Daniel de Rémy de Courcelle

From Wikipedia, the free encyclopedia
Jump to: navigation, search
Daniel de Rémy de Courcelles
Daniel Remy de Courcelles.JPG
Governor General of New France
In office
1665–1672
Personal details
Born 1626
Died October 24, 1698
Nationality French

Daniel de Rémy de Courcelle, Sieur de Montigny, de La Fresnaye et de Courcelle[1] (1626 – October 24, 1698) was the governor general of New France from 1665 to 1672.

Daniel de Rémy had the Carignan-Salières Regiment and their Lieutenant General Alexander de Prouville, Sieur de Tracy at his command when he arrived in Canada. Through Alexander de Prouville and by personal expeditions, he carried out an aggressive war against the Iroquois peoples.

His main contributions to the colony during his tenure were the actions he took to resolve conflicts amongst the various Indian tribes and to raise the status of the French within the native societies. This promoted peace for New France and retained substantial fur trade that was in danger of being taken over by the Dutch and the English. He also approved Robert La Salle's plan to mount expeditions to seek a western passage to China.[2]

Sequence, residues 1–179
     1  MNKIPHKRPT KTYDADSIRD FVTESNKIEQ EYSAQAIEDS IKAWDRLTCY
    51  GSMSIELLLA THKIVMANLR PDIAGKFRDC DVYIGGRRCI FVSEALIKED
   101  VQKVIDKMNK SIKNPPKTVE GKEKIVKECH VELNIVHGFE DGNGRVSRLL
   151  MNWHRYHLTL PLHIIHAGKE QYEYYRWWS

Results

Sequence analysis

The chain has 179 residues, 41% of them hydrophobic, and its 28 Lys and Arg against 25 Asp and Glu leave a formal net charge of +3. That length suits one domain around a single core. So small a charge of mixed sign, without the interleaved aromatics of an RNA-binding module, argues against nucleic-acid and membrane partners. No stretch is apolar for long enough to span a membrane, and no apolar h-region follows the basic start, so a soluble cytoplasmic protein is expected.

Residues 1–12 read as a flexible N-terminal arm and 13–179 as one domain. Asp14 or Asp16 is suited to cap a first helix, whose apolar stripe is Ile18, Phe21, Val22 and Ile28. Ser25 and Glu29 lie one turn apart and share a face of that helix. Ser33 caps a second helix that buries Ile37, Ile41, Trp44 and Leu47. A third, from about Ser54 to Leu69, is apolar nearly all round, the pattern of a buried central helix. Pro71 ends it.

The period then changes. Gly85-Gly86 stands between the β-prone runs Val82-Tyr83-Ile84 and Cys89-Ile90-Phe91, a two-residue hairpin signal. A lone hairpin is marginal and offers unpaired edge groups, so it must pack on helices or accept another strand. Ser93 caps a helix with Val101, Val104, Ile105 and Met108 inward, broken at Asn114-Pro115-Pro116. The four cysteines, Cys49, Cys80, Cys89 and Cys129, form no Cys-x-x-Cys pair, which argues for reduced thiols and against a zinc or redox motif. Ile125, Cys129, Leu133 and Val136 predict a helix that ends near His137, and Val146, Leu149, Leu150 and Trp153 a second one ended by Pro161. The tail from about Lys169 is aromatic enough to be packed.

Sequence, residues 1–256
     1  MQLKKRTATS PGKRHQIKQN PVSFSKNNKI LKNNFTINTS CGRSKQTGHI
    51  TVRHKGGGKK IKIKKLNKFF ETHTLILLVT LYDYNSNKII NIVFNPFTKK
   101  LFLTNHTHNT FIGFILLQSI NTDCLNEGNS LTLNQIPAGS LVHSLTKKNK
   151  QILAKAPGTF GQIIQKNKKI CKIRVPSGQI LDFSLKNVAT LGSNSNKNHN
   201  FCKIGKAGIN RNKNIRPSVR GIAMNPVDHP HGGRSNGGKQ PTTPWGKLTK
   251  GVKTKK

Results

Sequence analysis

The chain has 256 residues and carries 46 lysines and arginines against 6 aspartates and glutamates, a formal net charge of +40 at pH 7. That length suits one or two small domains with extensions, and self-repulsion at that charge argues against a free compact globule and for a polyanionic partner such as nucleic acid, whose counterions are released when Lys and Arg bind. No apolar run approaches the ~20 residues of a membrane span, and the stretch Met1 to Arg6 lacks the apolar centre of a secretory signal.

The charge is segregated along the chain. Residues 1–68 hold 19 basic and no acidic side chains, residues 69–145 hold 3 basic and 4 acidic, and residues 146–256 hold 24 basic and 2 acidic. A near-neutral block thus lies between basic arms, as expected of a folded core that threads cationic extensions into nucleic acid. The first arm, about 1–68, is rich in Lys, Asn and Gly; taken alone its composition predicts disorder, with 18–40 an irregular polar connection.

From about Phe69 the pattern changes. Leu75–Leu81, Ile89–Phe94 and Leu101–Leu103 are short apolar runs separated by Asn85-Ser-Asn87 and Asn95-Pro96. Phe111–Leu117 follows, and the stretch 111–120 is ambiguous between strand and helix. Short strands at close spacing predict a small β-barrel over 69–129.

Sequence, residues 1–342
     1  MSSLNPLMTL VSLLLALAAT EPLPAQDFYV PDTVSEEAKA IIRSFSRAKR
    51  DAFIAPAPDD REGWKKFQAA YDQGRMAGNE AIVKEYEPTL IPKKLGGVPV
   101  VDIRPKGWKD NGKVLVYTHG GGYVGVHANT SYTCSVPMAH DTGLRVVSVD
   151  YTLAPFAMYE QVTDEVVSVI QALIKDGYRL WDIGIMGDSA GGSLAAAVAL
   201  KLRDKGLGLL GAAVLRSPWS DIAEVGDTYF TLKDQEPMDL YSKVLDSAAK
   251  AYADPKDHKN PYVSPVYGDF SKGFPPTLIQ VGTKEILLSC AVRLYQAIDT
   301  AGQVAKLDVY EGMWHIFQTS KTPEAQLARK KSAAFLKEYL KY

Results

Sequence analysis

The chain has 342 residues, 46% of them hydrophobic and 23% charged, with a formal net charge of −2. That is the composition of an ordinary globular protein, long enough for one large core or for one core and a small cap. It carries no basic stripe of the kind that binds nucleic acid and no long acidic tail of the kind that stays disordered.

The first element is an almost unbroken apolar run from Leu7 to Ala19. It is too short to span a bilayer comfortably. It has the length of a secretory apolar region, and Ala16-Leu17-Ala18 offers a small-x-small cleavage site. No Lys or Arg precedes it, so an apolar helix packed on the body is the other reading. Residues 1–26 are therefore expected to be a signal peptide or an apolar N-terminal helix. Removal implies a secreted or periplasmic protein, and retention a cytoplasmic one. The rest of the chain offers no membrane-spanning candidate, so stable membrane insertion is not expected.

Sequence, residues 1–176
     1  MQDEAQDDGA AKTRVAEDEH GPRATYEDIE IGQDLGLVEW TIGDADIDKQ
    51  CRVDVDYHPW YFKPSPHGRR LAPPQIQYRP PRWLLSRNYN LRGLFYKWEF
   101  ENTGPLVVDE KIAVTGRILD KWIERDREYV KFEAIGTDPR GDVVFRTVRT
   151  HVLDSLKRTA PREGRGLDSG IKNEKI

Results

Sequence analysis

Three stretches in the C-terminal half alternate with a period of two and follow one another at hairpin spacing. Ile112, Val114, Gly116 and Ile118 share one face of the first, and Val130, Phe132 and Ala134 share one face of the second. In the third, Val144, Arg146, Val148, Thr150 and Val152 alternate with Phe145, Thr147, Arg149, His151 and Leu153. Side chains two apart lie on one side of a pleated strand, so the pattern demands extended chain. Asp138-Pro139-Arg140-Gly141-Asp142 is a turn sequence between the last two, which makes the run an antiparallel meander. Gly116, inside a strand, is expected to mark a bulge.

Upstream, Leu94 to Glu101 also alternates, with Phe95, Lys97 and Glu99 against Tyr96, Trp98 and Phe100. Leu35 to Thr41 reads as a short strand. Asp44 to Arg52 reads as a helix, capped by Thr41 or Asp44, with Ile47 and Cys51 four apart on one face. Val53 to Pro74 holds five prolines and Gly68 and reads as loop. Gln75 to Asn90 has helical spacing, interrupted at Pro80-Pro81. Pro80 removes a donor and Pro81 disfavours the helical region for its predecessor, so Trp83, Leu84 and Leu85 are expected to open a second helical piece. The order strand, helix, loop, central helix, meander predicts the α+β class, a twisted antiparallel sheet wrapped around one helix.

He was instrumental in upgrading the judicial procedures of the colony along with Intendent Jean Talon and, acting on the orders of Louis XIV, he established militia units in New France. This militia would be instrumental in the colony’s future wars.

See also[edit]

Notes[edit]

  1. ^ The name of his family was "Rémy de Courcelles", but the governor seemed to have signed "Courcelle" while in Canada, so he is known as "Courcelle" in Canada.
  2. ^ Francis Parkman, La Salle and the Discovery of the Great West, France and England in North America 3 Williamstown, MA: Corner House Publishers, 1980), 15.

External links[edit]

Government offices
Preceded by
Augustin de Mésy
Governor General of New France
1665–1672
Succeeded by
Louis de Buade de Frontenac